Love it or hate it, you can't ignore it.

By Eric Diesel
October 30, 2020
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Candy Corn
Credit: Getty Images

Anyone still unconvinced that dissent is patriotic just needs to rummage through a trick or treater’s candy pail, or the pillowcase of contraband it becomes by the next day. This sugary dumpster-diving is as much a rite of Halloween as scary movies, fortune telling, and haunted hayrides. It’s a given that almost any reasonable person is digging around for individually wrapped chocolates, packets of fruit chews, even the occasional discordant pack of pretzels. But for all of the impassioned arguments for and against, the sixth-best-selling seasonal candy on the US market in 2020 is candy corn.

Not kidding. Of all the candy holidays from Valentine’s Day truffles to Easter’s spritely jelly beans, Halloween is the showstopper. Its treats swoop in on licorice bat wings, feed affable aliens with peanut butter nibbles, bedevil with Red Hots. But this holiday's treats are often tricks: sours masquerading as sweets, jellies formed into ghastly anatomies, or even the most stomach-churning of all: presidential election chocolates. 

For many, the most contentious debate of the season is the annual contretemps over candy corn. Candy corn caucuses lean either yes or no; few are undecided. Corn lover or corn leaver, if you have an opinion, it is probably immovable, with both sides representing a sizable constituency. The lobbying and debate that follow—often impassioned, sometimes reasoned—are as all-American as candy corn itself.

That’s appropriate, because candy corn is a genuine American success story. The classic confection comes from beginnings so modest it was known, upon introduction, as "chicken feed." This was the product of the simple, profound tradition of craft, created by a candymaker as part of their daily labor. The original chicken feed was a penny candy, scooped from a barrel and poured into a plain paper bag. Just as one scattered corn to feed chickens, one scattered candy to children, especially on Halloween. In those simpler times, the states of candy and corn were united.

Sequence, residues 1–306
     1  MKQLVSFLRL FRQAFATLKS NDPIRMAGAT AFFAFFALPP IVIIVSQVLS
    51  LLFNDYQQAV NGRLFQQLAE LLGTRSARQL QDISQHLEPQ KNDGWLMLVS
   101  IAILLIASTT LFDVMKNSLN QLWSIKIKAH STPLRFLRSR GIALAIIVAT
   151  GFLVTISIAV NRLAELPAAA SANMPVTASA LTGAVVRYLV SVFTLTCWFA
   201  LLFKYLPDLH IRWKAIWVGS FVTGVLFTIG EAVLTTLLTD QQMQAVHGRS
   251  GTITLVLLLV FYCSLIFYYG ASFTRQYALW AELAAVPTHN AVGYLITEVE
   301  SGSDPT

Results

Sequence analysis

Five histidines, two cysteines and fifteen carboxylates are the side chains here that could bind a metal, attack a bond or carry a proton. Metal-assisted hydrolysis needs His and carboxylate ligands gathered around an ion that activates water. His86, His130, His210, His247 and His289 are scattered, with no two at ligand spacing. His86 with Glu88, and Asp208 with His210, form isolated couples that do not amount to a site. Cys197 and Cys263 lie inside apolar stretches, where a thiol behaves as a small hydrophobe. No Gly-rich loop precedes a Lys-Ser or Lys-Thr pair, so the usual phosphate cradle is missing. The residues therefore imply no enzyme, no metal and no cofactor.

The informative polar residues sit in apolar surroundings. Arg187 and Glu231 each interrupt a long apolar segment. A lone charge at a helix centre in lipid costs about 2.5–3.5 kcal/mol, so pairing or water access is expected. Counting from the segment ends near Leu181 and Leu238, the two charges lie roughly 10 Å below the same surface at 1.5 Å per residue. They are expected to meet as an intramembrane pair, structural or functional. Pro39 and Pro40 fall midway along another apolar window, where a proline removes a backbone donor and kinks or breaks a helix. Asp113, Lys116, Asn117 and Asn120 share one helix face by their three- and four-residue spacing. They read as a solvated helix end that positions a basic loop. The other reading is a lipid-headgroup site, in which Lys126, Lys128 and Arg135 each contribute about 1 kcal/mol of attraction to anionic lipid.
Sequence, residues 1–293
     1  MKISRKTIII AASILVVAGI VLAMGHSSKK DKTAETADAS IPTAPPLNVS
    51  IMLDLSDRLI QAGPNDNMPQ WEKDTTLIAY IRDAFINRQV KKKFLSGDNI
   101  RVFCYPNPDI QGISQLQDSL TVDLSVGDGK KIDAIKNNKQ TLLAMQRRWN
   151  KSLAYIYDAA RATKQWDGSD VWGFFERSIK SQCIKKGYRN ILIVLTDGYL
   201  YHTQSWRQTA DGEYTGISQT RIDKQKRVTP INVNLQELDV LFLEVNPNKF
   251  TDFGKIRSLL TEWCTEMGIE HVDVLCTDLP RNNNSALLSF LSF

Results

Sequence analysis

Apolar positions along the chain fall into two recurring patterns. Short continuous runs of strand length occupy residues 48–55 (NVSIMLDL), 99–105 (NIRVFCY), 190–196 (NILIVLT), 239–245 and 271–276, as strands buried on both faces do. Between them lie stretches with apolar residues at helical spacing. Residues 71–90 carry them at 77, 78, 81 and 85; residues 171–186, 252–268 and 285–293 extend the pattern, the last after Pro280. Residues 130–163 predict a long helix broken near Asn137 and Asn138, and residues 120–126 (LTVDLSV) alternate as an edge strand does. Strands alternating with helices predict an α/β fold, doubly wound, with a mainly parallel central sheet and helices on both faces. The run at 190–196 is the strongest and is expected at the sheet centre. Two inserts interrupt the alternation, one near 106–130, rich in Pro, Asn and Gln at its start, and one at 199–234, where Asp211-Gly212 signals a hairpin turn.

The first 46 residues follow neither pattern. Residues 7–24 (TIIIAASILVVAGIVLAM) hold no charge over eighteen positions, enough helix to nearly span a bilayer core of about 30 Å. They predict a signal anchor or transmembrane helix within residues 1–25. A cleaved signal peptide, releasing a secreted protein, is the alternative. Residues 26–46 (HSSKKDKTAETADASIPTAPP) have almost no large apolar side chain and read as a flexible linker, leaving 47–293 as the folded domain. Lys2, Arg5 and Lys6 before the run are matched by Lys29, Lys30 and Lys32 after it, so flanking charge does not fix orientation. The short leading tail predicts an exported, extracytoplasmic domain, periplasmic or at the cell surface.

That sack of humble kernels has since poured through the harvest holidays to become a cornerstone of America’s candy culture. Another American institution—a marketing department—changed the candy’s name from "chicken feed" to "candy corn," but nothing much else about candy corn has changed. It is the same basic fondant recipe rendered in the same familiar tricolor of orange, yellow, and white. While candy corn is available throughout the autumn season in variations from squishy mellowcreme pumpkins to bewildering Christmas corn, that bag of candy corn is as much the hallmark of an American autumn as the state fair (in non-pandemic years), popcorn balls, and the debate over its deliciousness.

True to its spirit of simplicity and generosity, candy corn can contribute to the in-home Halloween celebrations that for many this year will replace door-to-door trick or treating. The sweet kernels are perfectly designed to make an ear of corn by sticking the white tip of the triangle in concentric circles around a center of almond paste or cookie dough if you are in the corn-positive party. At the socially-distanced game table, candy corn hops the squares on the Halloween bingo card or checkerboard. And for the corn-negative, the materialization of a bowl of candy corn constitutes a Halloween fright. CandyStore.com's annual poll of 20,000 customers ranked it as the worst Halloween candy for the second year in a row, after nudging 2018 "winner," circus peanuts, out of the way.

As befits a cultural institution, candy corn has its own day of recognition—National Candy Corn Day—devilishly observed on the day before Halloween (a.k.a. Mischief Night, Cabbage Night, or Devil's Night, depending on where you were raised). How appropriate to the season that celebrates with gusto and ghost-o, the twin spirits of mischief and fun. On Halloween, we dress as monsters to hide from monsters, but when there is unity, an individual position does not have to be a strike against the opposing faction. When unity expresses itself as disagreement through discourse, we can embrace the kindred spirits of feed and corn, humility and success that tell the hallowed tale of this classic candy. During this of all seasons, that is a true holiday miracle: a Halloween treat playing a great trick.